Million-Word March for Media Reform

Outside the window was the great Arch of Exploration, St. Louis's national monument honoring Thomas Jefferson and his patronage of the Lewis and Clark expedition that mapped out our continent for major change back in the early days of the 18th century.

In these early days of the 21st century, alongside the banks of the same Mississippi River, two modern day Lewis and Clarks -- one a scholar named Robert McChesney, the other a journalist called John Nichols -- invoked the unfinished promise of Jeffersonian democracy to convene a second National Conference on Media Reform to energize an emerging citizens' movement to explore how to take back our media.

The goal: To redirect the most powerful arsenal of communication technology humanity has ever known away from serving corporate interests and into the hands of our citizens and public needs.

The organizers had to close the registration early because the aptly named Millennium Hotel could not accommodate more than the 2,500 people who crammed into the 50 or more panels and plenaries to hear calls for action and plan campaigns for media change.

They came from 50 states and 10 countries. They were old and young, white and black, straight and gay, media consumers and media makers, researchers and academics, lawyers and activists. In the words of an earlier exhortation to media combat in the movie Network, they were "mad as hell and not going to take it anymore." They didn't just open their windows to shout, but came to the conference to exchange ideas.

There were angry hip-hop activists demanding "media justice" and senior citizens alarmed about the current threats to PBS. There were internet savvy advocates of municipally-owned wireless systems and senior level "lions of litigation" who believe that the laws and the courts can be used to safeguard our rights.

There were unknown community media producers and some of the best-known voices of liberal left media, like radio revolutionaries Al Franken and Amy Goodman; concerned celebrities like Jim Hightower and Patti Smith; distinguished broadcasters including Bill Moyers and Phil Donahue; two outspoken FCC commissioners; several members of Congress; one Corporation for Public Broadcasting board member, and probably even a partridge in a pear tree.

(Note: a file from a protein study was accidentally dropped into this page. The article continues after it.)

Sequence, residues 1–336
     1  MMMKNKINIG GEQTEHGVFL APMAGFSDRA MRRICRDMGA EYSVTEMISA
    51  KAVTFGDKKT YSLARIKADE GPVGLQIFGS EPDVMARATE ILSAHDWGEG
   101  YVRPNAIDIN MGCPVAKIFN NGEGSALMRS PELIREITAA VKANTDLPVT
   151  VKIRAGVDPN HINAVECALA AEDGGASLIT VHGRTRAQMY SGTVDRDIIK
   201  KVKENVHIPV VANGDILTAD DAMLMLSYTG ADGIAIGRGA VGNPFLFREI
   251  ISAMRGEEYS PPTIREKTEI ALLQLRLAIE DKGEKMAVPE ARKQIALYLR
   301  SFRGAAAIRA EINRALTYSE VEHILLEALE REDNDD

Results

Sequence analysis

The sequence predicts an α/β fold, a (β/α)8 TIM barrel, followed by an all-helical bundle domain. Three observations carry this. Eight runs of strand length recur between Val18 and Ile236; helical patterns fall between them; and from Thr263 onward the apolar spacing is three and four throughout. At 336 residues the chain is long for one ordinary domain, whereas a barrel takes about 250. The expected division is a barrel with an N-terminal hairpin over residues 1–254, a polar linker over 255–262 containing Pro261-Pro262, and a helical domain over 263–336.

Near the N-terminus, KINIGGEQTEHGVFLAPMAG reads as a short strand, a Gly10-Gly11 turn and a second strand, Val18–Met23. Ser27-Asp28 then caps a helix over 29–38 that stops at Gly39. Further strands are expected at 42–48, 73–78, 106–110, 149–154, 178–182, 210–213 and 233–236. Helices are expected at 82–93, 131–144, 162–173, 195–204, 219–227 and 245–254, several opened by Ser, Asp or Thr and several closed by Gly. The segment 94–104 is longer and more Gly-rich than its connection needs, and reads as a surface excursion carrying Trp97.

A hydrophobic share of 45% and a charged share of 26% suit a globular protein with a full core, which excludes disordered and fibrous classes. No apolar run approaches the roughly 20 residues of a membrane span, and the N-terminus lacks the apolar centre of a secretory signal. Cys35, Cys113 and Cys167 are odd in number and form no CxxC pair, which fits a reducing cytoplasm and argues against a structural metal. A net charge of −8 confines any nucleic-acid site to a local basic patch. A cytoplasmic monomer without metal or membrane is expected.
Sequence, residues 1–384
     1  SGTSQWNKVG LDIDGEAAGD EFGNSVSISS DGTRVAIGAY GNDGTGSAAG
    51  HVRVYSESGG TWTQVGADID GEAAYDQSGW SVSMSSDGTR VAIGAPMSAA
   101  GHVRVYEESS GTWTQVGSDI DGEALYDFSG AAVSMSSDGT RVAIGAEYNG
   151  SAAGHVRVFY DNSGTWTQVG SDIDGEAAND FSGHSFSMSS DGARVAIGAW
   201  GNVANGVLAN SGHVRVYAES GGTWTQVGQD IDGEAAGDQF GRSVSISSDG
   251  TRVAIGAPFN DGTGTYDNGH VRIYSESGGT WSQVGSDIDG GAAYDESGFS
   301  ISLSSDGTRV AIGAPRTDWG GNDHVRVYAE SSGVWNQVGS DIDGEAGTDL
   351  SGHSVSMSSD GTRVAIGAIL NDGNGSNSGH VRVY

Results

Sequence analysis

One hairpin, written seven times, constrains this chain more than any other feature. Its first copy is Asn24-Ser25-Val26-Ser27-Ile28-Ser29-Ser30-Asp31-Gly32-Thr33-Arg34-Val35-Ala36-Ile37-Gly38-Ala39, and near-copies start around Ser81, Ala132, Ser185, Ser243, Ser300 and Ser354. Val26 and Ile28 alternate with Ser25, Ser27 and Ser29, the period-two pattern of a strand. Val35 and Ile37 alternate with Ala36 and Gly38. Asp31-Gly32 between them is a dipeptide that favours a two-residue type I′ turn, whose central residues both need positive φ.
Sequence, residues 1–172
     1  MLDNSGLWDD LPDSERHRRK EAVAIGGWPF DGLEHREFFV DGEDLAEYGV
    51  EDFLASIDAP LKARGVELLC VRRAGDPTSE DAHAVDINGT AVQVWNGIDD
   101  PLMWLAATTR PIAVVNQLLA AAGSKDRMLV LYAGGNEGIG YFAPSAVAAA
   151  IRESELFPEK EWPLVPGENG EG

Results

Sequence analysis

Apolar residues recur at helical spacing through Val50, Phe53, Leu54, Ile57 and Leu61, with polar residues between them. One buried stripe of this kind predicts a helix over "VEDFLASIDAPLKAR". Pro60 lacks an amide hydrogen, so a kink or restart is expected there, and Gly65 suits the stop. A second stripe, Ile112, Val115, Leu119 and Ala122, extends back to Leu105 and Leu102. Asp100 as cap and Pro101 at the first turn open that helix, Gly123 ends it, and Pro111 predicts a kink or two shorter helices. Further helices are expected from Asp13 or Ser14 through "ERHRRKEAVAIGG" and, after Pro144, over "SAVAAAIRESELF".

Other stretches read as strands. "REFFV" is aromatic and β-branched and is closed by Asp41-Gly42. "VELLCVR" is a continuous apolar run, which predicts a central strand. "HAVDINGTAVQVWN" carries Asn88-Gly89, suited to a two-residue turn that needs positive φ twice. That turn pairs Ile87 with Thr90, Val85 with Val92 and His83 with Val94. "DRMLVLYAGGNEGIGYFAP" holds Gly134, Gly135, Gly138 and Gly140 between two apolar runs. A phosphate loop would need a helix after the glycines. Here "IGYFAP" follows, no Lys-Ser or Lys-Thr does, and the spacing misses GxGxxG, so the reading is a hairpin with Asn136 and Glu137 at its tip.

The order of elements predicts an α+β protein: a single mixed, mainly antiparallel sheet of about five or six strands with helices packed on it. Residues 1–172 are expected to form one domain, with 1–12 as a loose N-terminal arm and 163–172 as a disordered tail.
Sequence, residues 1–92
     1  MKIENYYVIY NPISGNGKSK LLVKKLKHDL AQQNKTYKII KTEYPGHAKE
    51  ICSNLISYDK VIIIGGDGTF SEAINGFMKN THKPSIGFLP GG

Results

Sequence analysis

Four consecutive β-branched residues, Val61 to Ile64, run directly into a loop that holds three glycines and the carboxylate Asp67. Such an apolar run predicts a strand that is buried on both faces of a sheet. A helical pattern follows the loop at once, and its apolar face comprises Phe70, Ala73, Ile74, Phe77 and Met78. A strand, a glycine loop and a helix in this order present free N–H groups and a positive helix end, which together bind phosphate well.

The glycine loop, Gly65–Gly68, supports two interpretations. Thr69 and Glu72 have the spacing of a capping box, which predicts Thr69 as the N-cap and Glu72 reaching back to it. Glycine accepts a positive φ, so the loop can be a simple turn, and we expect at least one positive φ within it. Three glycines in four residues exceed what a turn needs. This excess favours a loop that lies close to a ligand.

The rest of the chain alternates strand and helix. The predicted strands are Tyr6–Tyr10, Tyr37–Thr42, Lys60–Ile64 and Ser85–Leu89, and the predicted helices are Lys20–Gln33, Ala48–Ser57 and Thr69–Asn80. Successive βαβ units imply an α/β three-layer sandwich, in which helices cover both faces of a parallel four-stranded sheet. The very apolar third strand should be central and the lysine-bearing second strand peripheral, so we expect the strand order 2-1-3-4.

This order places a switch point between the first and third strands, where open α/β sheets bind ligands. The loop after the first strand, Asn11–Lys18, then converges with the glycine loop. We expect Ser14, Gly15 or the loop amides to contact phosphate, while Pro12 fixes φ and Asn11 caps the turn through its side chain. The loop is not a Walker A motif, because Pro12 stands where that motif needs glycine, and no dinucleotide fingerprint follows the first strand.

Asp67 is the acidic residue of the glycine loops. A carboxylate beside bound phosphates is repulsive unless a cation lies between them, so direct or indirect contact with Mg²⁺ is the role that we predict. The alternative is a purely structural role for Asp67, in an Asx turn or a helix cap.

At times, it had the feeling of a revival meeting, not just a rally. It was a million-word march to end media concentration and open the airwaves to more diversity of expression. And sure, there were tensions, with younger grassroots activists feeling frozen out by the grey heads and media movement vets who dominated the proceedings.

Hundreds of groups that care about media change took part -- national groups from MoveOn to Media Channel, from FAIR to Common Cause, and local groups from Chicago Media Action to Seattle's Reclaim the Media and Philadelphia's Media Tank. All gathered under the auspices of Free Press, a relatively new organization that now claims 183,000 people on its e-mail list.

The small but robust indy TV channels LinkTV and Free Speech TV, and the emerging news-oriented International World Television network were also there in a conclave of shared consciousness. Ditto for the Newspaper Guild, the National Writers Union, AFTRA and the Screen Actor's Guild. Earlier, organizations that claim to represent 20 million Americans had endorsed a citizens' Bill of Media Rights to lay out principles to guide the kind of media system that's needed.

Pacifica Radio aired Saturday night's session nationally, while C-SPAN sent its cameras to record a Sunday morning sermon by Bill Moyers (mp3 download) on the need for real journalism on PBS and a real PBS. (He glossed over its many flaws but upheld the need for a publicly-owned and responsible broadcaster in a time of so much commercialism and corporate media.) Moyers demolished the claims of new Corporation for Public Broadcasting Chairman Kenneth Tomlinson that his on-air work needed to be "balanced" with new right-wing fare. "I simply never imagined that any CPB chairman, Democrat or Republican, would cross the line from resisting White House pressure to carrying it out for the White House," he said to continuing applause.